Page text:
Are you struggling with, and can’t get rid of, the P0410 code?
Then this is the article for you. Here you will find the right information to get rid of the P0410 code.
Definition: P0410 – Secondary Air Injection System Malfunction
What Does the P0410 Code Mean?
Code P0410 indicates that a problem has occurred with the secondary air injection system and is caused by either a mechanical or electrical fault.
Trouble code P0410 is normally triggered if the vehicle’s emission system is faulty or the air pump is damaged. The main task of the air pump is to feed air into the exhaust system to reduce the emission level. The air pump draws in air from outside and pumps it through the one-way check valve to the individual banks in the exhaust system.
Here are some common symptoms that you will experience when the P0410 trouble code triggers:
- Check engine light illuminates
- Engine hesitates while accelerating
- Noises coming from the air pump
- Engine running too rich
- Fuel economy reduces
Possible P0410 Causes
Here are some of the main causes of why the P0410 trouble code generates:
- Damaged air pump check valves
- Bad pump relays
- Defective control solenoids
- Blockage in the air injection system
- Bad O2 sensor
- Clogged catalyst
- Blown air pump fuel
- Damaged vacuum lines
Possible P0410 Solutions
- Repair or replace the air injection system
- Service or replace the oxygen O2 sensor
- Inspect and replace the air injection pump intake filter
- Fix broken wiring connection
- Repair vacuum leakages
How to Diagnose the P0410 Code?
Attach a Battery Charger
It is important that you have the car battery charger with you before diagnosing the P0410 error code. Troubleshooting this code requires the motor to be running, in order to check the voltage and resistance in the circuit. This may reduce the battery charge and may result in additional fault codes being generated.
Connect the OBD2 Scanner
To diagnose the trouble code P0410 it is important that you have an OBD2 scanner with you. Every vehicle manufactured after 1996 is equipped with an onboard diagnostic system that stores information on trouble codes for self-diagnosis and reporting.
The OBD2 scanner is able to read the information stored in the on-board diagnostic system. You can either purchase the basic code reader, which provides only specific information related to the code, or you can purchase the advanced scanner, which also allows monitoring and recording of live data.
Visually Inspect the O2 Oxygen Sensor and Wiring Harness
Locate the O2 oxygen sensor on your vehicle and look for signs of damage or corrosion. Also, check the wiring harness for a broken connection. Often, poor connections and dirty or contaminated O2 oxygen sensors will result in trouble code P0410 being generated.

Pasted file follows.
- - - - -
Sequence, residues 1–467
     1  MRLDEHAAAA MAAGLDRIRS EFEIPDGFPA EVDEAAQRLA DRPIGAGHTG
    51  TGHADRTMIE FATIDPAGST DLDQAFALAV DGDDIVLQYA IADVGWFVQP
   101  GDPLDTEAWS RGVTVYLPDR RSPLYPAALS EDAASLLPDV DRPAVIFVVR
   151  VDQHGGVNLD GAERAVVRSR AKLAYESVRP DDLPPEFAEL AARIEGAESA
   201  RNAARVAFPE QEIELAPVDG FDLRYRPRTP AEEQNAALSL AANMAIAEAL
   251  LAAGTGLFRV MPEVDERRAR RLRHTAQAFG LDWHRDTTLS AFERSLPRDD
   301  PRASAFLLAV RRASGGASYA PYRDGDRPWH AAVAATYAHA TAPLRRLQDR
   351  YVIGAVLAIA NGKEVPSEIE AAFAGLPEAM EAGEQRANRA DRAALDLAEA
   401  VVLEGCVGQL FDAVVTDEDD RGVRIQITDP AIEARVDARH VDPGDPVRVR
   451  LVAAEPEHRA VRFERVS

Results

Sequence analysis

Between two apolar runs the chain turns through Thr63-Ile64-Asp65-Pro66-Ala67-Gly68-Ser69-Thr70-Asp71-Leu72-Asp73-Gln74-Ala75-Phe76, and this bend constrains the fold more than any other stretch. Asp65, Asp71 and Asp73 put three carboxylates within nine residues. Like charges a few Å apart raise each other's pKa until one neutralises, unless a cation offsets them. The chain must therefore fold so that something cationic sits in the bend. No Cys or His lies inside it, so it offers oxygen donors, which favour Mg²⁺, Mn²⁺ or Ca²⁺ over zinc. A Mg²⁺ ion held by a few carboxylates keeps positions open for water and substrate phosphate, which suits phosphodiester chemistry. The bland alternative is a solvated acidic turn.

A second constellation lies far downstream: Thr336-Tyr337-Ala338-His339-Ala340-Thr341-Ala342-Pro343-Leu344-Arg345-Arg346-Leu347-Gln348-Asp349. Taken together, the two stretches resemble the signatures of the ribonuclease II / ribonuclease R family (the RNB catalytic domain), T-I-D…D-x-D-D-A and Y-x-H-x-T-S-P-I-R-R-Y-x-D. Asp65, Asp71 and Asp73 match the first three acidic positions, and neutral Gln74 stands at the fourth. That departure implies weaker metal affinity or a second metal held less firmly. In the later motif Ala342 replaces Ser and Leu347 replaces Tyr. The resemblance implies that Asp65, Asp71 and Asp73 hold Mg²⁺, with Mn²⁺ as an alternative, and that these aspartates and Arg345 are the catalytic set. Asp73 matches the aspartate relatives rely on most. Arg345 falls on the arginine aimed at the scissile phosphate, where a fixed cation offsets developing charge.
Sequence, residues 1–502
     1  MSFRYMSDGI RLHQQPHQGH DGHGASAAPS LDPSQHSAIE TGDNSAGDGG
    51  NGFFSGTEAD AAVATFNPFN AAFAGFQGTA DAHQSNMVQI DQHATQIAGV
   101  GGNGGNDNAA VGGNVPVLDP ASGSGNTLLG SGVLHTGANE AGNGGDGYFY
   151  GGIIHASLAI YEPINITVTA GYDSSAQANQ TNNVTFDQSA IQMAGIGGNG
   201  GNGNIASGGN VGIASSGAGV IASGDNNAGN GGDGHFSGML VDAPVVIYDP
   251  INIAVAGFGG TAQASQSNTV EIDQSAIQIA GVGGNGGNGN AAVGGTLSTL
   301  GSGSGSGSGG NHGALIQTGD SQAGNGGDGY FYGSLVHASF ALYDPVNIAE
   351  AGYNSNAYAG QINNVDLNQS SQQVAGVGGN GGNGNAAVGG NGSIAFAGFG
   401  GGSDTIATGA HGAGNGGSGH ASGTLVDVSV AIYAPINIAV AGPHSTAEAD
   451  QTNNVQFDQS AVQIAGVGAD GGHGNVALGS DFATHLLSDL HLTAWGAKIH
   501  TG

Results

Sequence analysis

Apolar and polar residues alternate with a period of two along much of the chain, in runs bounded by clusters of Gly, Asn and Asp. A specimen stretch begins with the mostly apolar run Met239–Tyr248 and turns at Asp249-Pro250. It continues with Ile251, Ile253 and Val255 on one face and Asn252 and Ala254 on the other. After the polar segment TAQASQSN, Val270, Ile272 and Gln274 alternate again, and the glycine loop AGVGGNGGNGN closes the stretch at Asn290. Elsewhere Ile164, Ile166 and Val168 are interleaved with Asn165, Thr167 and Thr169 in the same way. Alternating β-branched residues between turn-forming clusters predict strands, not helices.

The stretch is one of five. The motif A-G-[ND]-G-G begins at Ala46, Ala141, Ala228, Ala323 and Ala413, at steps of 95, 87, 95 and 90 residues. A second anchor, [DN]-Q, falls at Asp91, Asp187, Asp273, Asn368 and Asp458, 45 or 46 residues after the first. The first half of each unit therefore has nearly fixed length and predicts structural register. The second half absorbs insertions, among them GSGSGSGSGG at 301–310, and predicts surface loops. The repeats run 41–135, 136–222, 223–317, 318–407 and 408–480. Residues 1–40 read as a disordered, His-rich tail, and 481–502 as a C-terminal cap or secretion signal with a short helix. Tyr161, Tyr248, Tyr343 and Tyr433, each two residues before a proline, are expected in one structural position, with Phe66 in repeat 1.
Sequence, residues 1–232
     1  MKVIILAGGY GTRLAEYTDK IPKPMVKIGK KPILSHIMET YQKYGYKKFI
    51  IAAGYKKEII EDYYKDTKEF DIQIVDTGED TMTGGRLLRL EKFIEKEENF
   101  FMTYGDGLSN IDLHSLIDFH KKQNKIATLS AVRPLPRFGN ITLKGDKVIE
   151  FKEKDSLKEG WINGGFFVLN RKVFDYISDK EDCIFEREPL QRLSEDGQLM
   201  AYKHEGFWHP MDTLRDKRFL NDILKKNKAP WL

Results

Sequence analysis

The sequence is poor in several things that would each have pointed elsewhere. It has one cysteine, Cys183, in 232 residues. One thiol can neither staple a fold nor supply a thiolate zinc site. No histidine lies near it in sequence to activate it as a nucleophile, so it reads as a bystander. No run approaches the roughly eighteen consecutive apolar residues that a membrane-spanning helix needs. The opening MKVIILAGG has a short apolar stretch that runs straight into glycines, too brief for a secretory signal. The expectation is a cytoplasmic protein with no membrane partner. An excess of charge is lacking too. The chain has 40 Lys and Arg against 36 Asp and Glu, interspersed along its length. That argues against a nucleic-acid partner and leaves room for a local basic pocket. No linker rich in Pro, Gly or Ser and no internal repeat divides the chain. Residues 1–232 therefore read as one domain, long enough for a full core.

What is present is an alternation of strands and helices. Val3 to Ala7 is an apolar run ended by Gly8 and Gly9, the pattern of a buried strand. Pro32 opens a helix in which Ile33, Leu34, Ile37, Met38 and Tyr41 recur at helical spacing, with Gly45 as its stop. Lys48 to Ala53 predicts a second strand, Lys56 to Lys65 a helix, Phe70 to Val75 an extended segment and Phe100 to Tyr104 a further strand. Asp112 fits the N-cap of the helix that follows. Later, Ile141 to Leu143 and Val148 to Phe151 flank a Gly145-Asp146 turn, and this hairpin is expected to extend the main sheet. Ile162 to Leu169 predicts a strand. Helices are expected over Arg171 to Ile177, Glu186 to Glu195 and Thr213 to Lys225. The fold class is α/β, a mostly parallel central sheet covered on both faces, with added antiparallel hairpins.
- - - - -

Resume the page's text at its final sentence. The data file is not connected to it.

Check the O2 Oxygen Sensor Voltage
Next, check the voltage at the O2 oxygen sensor. Before testing, ensure that the engine is cold and the vehicle has not been driven for at least 10 hours. Start the engine and measure the voltage at the O2 sensor with a scanning tool. If the voltage drops below 125 millivolts (0.125 volts) after about 10 seconds, this means that the secondary air system is functioning properly. However, if the voltage does not drop, this is an indication that the secondary air system is defective.
Check for leakages
If the voltage does not drop below 125 millivolts (0.125 volts) but you can hear the air pump running, carefully check all hoses, valves, and the solenoid for signs of leakage.
How to Replace the Secondary Air Injection Pump
If you have also checked the O2 oxygen sensor and all electrical connections, it is possible that the secondary air injection pump is defective and needs to be replaced. You can either visit a professional mechanic for replacement or do the procedure at home.
Step 1: Locate the air injection pump
Open the hood of the vehicle and locate the air injection pump. It is located at the front of the engine, with the serpentine belt surrounding it. Make sure there is a belt routing diagram under the car’s bonnet so that you know how to re-attach the serpentine belt.
Step 2: Remove the Serpentine Belt
Remove the serpentine belt with a ratchet and disconnect any hoses from the pump.
Step 3: Remove electrical connections and bolts
Next, remove all electrical connections and vacuum lines from the pump, as well as the screws securing the air pump.
Step 4: Remove the Sensor
Remove the pump carefully from its place and get the new air injection pump.
Step 5: Installing the new air injection pump
Install the new pump and connect all electrical connections and hoses. Make sure that the screws are tightened and properly fastened.
Step 6: Attach the Serpentine Belt
Reconnect the serpentine belt and close the hood.
Secondary Air Injection Pump Replacement Cost
The average cost of replacing the air injection pump is between $300 and $400 depending on the car model and brand. Labor costs are around $100, while the part itself costs around $220 to $260.
Should I Repair the P0410 Trouble Code Right Away?
The trouble code P0410 does not cause serious problems with the driving behavior, but it drastically reduces the fuel consumption of the car. In addition, your car will start emitting dangerous pollutants. If the error code is ignored for too long, both the car’s engine and exhaust system may be damaged.
Recommended Tools to Fix P0410 Code
Car battery charger
Digital multimeter to test voltage and resistance readings
OBD2 scanner to scan the trouble code
Electric cleaner to clean to service the dirty sensor
If you have any further questions about the error code P0410, just comment below and our team will contact you shortly. Don’t forget to mention your car model and make, and also the steps you already took to resolve the problem.